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Does Alberta need a parliamentary secretary for civil liberties? Expert weighs in

Though Alberta now has someone tasked with protecting post-secondary free speech, a member of the Centre for Constitutional Studies at the University of Alberta says he doesn’t think there is a problem with free speech being limited at campuses.

Dax D'Orazio is a research affiliate for the Centre for Constitutional Studies, and says there isn't abundant evidence to suggest it's a widespread concern.

"We actually don't have that much analysis and evidence to say that it is a problem of sufficient gravity, that public policy should be brought to bear," he said.

Alberta Premier Danielle Smith revealed on the weekend that she had appointed a parliamentary secretary for "civil liberties" to help protect Charter rights.

She made the announcement on her call-in radio show, saying Tracy Allard, Grand Prairie UCP MLA, was sworn in on Dec. 13.

It was the first the government said of the new portfolio, which wasn't announced during the week.

Smith said Allard will enable free speech on all 26 of Alberta’s post secondary campuses, work around Ottawa's Bill C-21 amendments, which seek to reclassify what firearms are legal to own in Canada, and protect private property rights.

Alberta is the first to create a position focused heavily on tackling the issue.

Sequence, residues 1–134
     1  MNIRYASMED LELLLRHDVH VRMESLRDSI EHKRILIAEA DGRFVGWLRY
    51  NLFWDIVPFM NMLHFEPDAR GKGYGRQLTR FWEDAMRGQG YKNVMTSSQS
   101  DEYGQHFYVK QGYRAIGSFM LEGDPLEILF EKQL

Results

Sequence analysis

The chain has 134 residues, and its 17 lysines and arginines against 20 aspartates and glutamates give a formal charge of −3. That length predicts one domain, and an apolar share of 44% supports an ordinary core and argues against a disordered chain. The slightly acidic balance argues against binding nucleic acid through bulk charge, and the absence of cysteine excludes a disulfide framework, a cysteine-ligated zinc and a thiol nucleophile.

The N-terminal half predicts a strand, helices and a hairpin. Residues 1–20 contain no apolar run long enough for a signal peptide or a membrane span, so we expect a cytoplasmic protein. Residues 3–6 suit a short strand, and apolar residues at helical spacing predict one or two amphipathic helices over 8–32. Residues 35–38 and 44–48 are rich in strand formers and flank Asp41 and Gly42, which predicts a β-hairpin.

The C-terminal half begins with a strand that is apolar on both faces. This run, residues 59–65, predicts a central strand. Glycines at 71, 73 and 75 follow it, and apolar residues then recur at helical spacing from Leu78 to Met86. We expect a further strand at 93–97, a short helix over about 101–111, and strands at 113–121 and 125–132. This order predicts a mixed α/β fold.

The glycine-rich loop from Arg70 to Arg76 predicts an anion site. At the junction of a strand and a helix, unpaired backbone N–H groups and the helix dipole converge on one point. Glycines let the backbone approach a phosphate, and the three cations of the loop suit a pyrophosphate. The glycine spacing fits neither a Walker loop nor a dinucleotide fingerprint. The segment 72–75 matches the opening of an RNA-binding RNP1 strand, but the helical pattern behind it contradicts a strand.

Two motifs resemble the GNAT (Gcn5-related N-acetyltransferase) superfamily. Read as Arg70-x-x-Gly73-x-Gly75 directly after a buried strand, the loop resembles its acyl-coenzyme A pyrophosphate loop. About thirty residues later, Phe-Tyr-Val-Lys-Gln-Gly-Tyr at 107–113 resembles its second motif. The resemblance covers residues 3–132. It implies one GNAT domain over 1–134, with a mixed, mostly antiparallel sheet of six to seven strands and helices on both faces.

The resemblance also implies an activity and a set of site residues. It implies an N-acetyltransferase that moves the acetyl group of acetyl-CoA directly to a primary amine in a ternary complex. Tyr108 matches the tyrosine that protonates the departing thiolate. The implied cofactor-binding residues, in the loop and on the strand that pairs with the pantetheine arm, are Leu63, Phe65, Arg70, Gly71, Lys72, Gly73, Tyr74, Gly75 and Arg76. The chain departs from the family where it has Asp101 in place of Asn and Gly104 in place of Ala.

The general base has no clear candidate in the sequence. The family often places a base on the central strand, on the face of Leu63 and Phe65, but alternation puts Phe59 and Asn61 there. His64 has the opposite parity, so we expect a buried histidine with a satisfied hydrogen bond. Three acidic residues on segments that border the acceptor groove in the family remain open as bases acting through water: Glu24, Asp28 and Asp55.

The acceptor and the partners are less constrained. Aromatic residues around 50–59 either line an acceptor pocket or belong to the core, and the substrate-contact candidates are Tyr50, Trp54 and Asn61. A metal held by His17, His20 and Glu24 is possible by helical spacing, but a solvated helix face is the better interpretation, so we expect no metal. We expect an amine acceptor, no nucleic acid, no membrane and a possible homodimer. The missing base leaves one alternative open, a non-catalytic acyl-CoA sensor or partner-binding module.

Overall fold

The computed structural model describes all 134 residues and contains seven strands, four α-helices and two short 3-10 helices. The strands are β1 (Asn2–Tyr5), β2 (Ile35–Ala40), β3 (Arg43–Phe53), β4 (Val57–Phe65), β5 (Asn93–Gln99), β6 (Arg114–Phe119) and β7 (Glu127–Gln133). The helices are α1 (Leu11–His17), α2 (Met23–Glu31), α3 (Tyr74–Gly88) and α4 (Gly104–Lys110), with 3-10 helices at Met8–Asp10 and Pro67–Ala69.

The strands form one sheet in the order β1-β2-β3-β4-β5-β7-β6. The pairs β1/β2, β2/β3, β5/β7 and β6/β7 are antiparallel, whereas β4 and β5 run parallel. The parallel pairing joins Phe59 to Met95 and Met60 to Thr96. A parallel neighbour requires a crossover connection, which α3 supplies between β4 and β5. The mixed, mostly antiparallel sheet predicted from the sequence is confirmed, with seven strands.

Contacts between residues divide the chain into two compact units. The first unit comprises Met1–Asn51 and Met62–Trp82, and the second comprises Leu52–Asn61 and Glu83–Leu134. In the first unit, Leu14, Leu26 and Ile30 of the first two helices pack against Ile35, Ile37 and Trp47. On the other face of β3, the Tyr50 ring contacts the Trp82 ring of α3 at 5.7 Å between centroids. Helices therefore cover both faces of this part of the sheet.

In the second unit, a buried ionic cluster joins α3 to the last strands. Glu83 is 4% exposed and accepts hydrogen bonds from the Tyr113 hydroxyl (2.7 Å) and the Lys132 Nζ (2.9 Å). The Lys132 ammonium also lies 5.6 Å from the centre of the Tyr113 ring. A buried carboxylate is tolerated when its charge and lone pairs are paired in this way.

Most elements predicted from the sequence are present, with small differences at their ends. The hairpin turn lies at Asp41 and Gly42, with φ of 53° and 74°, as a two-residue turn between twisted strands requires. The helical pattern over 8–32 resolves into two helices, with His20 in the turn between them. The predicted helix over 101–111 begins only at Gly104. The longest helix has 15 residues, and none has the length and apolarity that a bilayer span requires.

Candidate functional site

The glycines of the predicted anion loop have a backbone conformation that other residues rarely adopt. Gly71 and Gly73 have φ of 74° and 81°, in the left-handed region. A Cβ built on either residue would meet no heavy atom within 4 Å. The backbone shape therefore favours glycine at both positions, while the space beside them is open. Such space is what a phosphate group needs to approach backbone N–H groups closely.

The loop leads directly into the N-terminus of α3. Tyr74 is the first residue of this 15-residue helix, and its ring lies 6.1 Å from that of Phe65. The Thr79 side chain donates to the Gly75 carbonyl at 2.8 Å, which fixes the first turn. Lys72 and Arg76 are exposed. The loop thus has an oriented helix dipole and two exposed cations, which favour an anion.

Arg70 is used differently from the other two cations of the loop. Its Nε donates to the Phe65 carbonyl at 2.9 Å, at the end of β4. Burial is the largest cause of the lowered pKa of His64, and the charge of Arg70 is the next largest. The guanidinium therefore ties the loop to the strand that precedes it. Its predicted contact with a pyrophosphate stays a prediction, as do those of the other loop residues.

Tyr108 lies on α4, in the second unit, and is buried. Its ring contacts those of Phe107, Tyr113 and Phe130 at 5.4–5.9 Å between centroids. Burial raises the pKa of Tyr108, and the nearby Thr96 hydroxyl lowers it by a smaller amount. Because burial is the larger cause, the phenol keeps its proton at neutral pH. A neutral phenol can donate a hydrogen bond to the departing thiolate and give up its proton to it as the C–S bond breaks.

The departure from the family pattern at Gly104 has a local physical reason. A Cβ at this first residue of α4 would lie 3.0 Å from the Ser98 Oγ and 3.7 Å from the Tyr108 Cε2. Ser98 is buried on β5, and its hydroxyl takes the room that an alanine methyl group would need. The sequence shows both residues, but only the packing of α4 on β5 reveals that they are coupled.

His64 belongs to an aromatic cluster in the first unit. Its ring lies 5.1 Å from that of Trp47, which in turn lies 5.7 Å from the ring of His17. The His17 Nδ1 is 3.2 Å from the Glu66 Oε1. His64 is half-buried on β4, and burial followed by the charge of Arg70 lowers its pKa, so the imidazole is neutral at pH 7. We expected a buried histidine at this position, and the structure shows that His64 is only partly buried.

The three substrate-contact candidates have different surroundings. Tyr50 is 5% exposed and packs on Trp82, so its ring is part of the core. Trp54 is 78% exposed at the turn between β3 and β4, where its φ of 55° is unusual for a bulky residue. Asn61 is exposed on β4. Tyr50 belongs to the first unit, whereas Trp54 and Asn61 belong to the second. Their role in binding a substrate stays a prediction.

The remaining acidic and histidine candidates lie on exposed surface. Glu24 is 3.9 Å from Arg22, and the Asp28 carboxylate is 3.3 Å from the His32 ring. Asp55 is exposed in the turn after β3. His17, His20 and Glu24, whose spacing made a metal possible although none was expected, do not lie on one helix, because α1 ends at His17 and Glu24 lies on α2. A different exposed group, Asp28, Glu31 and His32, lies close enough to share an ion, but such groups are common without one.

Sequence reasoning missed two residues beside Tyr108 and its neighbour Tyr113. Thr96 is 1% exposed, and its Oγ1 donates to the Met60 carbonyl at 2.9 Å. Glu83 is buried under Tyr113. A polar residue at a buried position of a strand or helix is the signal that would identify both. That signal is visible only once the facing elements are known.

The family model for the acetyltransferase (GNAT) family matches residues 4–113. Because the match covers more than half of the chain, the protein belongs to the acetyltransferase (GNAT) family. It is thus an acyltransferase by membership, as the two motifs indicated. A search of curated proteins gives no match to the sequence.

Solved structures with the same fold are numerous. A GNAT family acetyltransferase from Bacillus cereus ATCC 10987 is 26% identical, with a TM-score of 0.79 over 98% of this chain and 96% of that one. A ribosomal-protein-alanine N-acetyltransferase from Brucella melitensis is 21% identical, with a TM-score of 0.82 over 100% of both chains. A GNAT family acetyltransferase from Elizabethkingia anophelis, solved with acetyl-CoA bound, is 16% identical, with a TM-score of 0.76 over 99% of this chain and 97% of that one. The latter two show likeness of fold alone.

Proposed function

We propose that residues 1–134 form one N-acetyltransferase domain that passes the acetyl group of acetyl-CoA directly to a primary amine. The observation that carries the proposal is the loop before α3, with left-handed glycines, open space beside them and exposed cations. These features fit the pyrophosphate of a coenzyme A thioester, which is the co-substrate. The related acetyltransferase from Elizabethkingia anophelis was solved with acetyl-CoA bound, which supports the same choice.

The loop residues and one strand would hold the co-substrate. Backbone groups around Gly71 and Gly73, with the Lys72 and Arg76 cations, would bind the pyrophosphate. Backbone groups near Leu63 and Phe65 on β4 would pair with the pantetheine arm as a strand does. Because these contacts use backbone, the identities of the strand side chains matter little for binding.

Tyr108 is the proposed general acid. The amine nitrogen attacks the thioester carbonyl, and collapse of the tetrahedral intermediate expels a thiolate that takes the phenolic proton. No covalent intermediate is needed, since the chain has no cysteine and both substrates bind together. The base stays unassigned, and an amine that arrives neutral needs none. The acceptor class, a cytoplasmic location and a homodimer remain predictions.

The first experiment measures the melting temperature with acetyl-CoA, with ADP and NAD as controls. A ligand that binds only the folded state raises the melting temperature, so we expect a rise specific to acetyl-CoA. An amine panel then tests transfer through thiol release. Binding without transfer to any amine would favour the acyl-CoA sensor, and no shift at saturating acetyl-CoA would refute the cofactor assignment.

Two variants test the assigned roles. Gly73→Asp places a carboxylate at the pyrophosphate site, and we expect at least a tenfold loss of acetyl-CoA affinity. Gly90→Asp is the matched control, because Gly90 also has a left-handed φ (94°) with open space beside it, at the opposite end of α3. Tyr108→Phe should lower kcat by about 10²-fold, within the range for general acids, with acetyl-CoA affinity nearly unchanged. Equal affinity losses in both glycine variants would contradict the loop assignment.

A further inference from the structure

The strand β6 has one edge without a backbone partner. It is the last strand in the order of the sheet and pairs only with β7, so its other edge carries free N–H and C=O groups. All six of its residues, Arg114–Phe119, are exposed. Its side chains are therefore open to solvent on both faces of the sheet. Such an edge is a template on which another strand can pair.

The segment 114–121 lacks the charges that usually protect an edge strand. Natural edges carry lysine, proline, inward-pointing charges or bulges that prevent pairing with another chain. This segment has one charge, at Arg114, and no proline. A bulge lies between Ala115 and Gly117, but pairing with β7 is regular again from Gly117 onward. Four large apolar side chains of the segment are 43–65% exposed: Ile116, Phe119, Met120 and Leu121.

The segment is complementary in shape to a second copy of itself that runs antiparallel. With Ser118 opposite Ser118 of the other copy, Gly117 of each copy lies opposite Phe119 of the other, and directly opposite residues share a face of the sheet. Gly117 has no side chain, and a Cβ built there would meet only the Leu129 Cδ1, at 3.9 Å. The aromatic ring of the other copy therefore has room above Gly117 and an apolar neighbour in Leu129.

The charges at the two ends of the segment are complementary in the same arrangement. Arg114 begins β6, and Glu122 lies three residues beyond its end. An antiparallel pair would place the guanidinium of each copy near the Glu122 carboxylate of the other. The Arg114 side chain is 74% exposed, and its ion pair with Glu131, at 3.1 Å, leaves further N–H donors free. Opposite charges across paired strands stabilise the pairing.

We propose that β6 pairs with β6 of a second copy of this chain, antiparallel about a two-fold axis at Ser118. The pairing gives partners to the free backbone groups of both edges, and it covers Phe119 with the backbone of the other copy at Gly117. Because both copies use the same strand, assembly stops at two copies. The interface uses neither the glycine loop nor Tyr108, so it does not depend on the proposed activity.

D’Orazio called the move "unprecedented."

"I think what we need to bear in mind is that free expression on campus only became a problem, so to speak, at least from a public policy perspective, very recently."

D’Orazio noted in a 2021 research paper titled Free Expression on Campus: Assessing the Alberta Ministerial Directive, that the UCP made campus free expression a campaign promise in the 2019 Alberta election.

At the time, the party said it the would require universities and colleges to comply with free-speech policies based on the University of Chicago’s free speech policy (referred to as the "Chicago Principles.")

"Chicago Principles have been hailed as the ‘gold standard’ for potential policy frameworks in Canada," D’Orazio said in the paper.

After the UCP defeated the NDP in the election, Jason Kenney and Advanced Education Minister Demetrios Nicolaides began developing a policy.

While in Ontario, the government has threatened to withhold funding from universities and colleges that don't adopt the Chicago Principles, D’Orazio found Alberta's policy lacked explicit sanctions for non-compliance.

D’Orazio says he found out what the government’s plan for post-secondary institutions was through a Freedom of Information Policy (FOIP) request. 

In FOIP documents obtained by D’Orazio from May 14. 2019, the government’s own research showed that post-secondary institutions in Alberta generally appeared to be committed to the principle of free speech. 

"Based on the initial analysis, up to seven institutions (including SAIT) appear to be mostly aligned with the Chicago Principles, while up to 17 institutions are somewhat aligned,” read the document. 

The University of Calgary and Mount Royal University’s overall compliance was rated as "somewhat aligned."

The province said the data was captured on public information readily available and that institutions may have further policies, that are not captured due to a lack of public availability.